Lanes on Edens Expressway closed

April 4, 2008 3:23:35 PM PDT
The Edens Expressway is anything but express as a major rehab project gets underway. Three lanes of traffic are now down to just two in each direction and there aren't many alternates around the mess.

The closures began just before the Friday morning rush hour. There are 14 miles of barricades up, from Lawrence Avenue all the way to Lake-Cook Road, and they'll remain up through the end of the summer.

Patience is going to be important until the end of September. This is a $43 million project that no doubt will create a lot of headaches.

"It's unbearable, it's very slow, but what can you do?" said Joel Delacruz.

Now that winter appears to finally be on its way out, it's time for the other season in Chicago: construction. The Illinois Department of Transpiration started a rehab project along the Edens Friday. Traffic is down to only two lanes in both directions from Lake-Cook Road down to the junction, about 14 miles. Friday, even in the middle of the afternoon, traffic was already starting to back up.

"I just came through it and I got to go back through it. I came through for something and it didn't work out and now I got to go back through it. It's crazy," said James McBridge.

Crews will be patching and resurfacing the expressway and fixing six bridges in need of repair, including a 60-year-old bridge on Golf Road, because much of the work will happen at the same time.

IDOT officials say it's best to just close a lane on both sides.

"We're telling people to use public transportation, number one, and alter your travel times as much as you can to stay out of rush hour. But, if you're planning on traveling in rush hour, double your travel times," said Juris Velkme, IDOT construction supervisor.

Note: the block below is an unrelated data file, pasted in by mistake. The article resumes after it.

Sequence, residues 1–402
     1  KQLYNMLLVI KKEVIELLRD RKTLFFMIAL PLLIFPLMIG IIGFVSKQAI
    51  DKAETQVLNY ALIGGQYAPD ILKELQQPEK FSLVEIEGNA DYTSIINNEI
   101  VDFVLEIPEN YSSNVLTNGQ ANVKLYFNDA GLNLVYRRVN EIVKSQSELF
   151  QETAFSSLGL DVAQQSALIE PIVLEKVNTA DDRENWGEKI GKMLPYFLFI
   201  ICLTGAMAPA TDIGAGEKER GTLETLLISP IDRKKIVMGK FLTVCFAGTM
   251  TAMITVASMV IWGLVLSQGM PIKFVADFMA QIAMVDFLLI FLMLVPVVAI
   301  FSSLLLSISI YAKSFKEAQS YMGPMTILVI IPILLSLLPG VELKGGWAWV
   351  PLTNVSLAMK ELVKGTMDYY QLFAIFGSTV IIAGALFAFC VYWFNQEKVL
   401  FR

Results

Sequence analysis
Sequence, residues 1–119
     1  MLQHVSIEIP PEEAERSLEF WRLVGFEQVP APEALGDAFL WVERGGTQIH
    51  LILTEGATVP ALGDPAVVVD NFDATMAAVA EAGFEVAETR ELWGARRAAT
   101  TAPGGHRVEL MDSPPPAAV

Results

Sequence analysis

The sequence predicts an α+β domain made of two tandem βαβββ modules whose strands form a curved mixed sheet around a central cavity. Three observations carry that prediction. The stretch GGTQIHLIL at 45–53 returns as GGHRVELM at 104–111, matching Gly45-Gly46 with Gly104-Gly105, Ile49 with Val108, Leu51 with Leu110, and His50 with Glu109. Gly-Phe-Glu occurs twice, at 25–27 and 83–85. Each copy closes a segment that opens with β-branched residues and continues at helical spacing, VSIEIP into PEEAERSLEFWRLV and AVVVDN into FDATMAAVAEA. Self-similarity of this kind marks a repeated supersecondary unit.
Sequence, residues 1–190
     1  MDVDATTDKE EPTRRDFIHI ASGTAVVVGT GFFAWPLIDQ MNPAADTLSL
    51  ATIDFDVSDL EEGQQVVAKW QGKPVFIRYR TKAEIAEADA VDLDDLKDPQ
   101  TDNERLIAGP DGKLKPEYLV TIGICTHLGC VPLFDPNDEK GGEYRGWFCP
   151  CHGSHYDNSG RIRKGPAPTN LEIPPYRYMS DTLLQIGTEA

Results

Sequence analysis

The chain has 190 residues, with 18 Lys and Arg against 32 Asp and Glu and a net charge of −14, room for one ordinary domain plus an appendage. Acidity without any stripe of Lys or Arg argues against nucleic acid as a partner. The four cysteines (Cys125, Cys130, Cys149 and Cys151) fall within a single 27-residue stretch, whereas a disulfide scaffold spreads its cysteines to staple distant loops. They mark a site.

Some motorists are already planning alternate routes. Cicero Avenue is one option, but there is a good chance that road will be backed up as well.

Commuters will have no choice but to leave earlier.

"It's going to be a major pain. I have to find to ways to get to where I'm going. I have some ideas, but everyone's going to be doing the same thing. We'll have to live through it," said Harold Farber.

During this construction project the speed limit goes from 55 mph down to 45 mph. Illinois Police say they're going to be strictly enforcing this, but they will not be pulling people over. They will be using high-tech surveillance devices and people will be getting tickets in the mail.

More information at www.edensi94.com.


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